While many international students were spread across the world for the 2020-2021 school year, this much is true, they are happy to be back in Boston.
For some, it’s their first time on the Boston campus. For others it’s a return, and learning remotely only reinforced their desire to join campus life.
“I missed being part of extracurricular activities,” said Grace Hwang ’23, who is back to illustrating for em Magazine after stopping while studying remotely. “I definitely missed my friends, and had FOMO a lot.”
Hwang also missed going to the Museum of Fine Arts – a place she values so greatly that she knows the building’s layout – and is eager to see new exhibitions.
After the pandemic forced students to vacate the residence halls in March 2020, Hwang relocated to New York City, to live with her mother, who works for the United Nations. After her mother was transferred to Myanmar, Hwang went to Seoul, South Korea, to stay with her grandmother. The plan was for Hwang to join her mother in Myanmar in the spring, but in February 2021, the country experienced a military coup, so she stayed in Seoul. This semester, she’s living off campus in Boston with her grandmother.
Attending classes from New York went smoothly, but Seoul was more challenging due to the 14-hour time difference. Hwang said that her professors knew her situation and were very accommodating. Her Spring 2021 semester was tougher, because she had planned on being in Myanmar.
“I was going to take classes at 4:00 am for two weeks in Seoul, and then go to Myanmar, and those classes would be at midnight,” said Hwang, a Creative Writing major. “I think it affected my physical and mental health quite a bit because my sleep was completely thrown off schedule.”
While not in person, she still felt connected to her classmates through class discussions. Hwang also credited video sessions with the Writing Academic Resource Center to help with time and stress management.
Hwang said she stayed in touch with other friends in South Korea who were also attending U.S. colleges remotely, as well as fellow Emersonians learning remotely like Marketing Communication major Verita Hsu ’22.
Hsu was home in Taiwan from March 2020 to August 2021, after beginning her Emerson career in Fall 2019. Like Hwang, Hsu said attending class remotely was difficult due to the time difference.
“I took classes in the middle of the night, would go to bed in the morning, work during the afternoons, and finish school work in the evenings,” said Hsu. “My sleeping schedule was a mess and my body got worse from sitting in a chair all the time and not walking around enough. Although I did manage to push things through and did pretty well academically, I feel like I could’ve done better with less effort if I were taking classes normally.”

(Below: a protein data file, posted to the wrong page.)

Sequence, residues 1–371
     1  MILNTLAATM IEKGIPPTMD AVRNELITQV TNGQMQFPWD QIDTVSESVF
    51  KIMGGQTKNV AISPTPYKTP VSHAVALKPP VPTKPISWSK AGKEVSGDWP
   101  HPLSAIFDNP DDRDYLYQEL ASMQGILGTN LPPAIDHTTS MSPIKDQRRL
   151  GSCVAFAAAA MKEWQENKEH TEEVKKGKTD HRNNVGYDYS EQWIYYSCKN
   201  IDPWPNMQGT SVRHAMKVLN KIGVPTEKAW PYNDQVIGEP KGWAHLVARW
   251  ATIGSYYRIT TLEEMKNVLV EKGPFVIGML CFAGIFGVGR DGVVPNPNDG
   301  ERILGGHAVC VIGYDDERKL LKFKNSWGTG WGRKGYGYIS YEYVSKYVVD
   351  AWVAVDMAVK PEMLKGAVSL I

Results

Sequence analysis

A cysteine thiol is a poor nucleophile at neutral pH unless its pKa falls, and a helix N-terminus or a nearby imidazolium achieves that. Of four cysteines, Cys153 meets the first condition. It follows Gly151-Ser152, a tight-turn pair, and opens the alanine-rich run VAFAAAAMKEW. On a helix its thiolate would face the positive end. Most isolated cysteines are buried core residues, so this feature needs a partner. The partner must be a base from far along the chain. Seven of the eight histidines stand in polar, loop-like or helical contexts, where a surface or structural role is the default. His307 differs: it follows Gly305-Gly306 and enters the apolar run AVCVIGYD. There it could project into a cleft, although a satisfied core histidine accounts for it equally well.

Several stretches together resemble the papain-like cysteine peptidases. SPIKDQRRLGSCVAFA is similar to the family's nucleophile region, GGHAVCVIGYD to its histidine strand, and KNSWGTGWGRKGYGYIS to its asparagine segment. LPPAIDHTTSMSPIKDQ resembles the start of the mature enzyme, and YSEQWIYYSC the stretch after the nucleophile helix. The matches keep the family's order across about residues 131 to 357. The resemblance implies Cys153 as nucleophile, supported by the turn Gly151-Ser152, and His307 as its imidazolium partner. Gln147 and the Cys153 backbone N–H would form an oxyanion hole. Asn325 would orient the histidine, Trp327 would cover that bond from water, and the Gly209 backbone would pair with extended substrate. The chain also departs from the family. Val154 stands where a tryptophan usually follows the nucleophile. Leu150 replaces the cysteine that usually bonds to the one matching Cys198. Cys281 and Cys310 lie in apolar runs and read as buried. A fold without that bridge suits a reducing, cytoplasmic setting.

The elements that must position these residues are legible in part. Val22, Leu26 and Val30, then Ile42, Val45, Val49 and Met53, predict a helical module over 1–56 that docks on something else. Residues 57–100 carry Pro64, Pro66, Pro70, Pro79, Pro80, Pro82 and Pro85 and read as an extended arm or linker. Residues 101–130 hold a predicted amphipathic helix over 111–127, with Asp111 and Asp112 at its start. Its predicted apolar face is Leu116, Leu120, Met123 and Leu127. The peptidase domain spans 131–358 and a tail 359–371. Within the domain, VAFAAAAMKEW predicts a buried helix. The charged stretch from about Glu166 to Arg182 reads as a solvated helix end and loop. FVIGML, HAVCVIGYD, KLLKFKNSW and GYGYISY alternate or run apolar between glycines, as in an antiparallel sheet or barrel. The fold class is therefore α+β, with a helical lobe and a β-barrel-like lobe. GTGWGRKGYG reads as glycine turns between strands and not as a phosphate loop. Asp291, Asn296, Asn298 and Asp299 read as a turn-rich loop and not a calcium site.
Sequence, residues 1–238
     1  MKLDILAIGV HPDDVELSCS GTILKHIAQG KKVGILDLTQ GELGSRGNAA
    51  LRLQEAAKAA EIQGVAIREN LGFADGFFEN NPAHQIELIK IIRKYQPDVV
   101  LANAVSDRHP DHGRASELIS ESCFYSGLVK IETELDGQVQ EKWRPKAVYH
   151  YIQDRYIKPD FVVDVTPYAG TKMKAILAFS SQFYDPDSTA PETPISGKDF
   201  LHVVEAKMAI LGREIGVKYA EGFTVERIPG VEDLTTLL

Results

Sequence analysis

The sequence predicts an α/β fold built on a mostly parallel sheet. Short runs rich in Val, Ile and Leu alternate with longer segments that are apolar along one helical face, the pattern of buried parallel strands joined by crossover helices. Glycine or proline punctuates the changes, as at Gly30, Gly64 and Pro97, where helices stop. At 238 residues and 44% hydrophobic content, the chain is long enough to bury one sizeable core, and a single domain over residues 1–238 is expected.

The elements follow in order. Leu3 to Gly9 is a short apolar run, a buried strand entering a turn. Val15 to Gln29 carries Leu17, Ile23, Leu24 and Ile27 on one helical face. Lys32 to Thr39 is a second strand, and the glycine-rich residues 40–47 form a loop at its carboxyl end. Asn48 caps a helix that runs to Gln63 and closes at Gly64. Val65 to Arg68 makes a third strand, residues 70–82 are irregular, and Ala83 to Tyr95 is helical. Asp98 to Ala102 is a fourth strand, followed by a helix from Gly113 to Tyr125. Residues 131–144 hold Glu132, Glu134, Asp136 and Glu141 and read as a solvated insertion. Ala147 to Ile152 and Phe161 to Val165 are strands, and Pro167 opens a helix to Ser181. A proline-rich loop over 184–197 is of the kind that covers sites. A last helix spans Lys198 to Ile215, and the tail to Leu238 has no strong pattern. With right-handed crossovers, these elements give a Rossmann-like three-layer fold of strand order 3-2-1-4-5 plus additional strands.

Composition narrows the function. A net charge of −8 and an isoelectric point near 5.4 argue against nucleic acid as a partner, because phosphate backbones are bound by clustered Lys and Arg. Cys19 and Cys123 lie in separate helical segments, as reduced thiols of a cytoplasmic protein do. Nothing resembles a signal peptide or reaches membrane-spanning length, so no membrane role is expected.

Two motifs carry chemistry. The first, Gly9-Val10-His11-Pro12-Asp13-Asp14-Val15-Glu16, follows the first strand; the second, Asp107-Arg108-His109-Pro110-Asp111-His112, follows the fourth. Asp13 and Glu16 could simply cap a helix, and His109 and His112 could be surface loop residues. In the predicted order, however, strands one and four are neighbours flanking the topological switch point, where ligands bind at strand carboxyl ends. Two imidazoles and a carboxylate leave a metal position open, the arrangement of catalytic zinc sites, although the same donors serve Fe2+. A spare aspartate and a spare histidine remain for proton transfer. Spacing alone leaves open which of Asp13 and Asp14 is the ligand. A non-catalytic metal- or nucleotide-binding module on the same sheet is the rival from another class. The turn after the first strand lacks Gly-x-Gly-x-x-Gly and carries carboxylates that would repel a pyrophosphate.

Last spring, Barbara Stachurska ’24 studied in Lugano, Switzerland, at Franklin University, Emerson’s partner institution, then attended Emerson classes remotely from her home in Poland during the summer.
Stachurska said remote classes were weird at first, but proved to be helpful as she learned about things like Canvas, which is often integral to an Emerson education.
“I’ve been waiting for this for a long time,” said Stachurska, who did a gap year after high school. “I had a lot of time to think everything through. That gave me a lot of perspective on what I wanted to do, and not what everyone was expecting me to do.”
She realized she wanted to study public relations, and she knew Emerson was a great fit for her.
“[Studying] public relations gives a lot of opportunities. I could do a PR agency or department, marketing, political campaigns, crisis management. There’s a lot to choose from,” said Stachurska.
On the flip side, Rocky Meng ’24, a Theatre Performance major, was on campus last year and worked as an Office of International Student Affairs (OISA) ambassador with Jason Yang, International Student Advisor at OISA, and Corey Blackmar, associate director of internationalization initiatives, to help students studying at Emerson partner United International College in Zhuhai, China.
“We tried to get those students to feel like they were on campus, although they were hundreds and thousands of miles away,” said Meng, who created the @EmersonClassof24 Instagram account. “We designed projects and programs for students who weren’t on campus. There was an Instagram takeover for a day in the life of a student on the Boston campus.”
This semester Meng met some of the students he interacted with as an ambassador. He said students are very much relieved to be in Boston, whether it’s to get involved with extracurriculars, or get out in the city .
Stachurska is also working for OISA, and is looking to get involved with other organizations.
Hsu is a member of the Emerson Skunks, the College’s Ultimate Frisbee team, and is looking to get involved with school publications, magazines, and a job. Going to school remotely made her feel like a part-time student.
“It’s nice that I finally get to see my friends again and attend events in person,” said Hsu.
Studying remotely reminded Hwang what education is really about.
“Learning online and being removed from Boston, and being in South Korea, has emphasized that school is really about education and how I find my curiosities and figure out ways to keep learning,” said Hwang. “And in terms of writing, bettering my skills, and just practicing the craft.”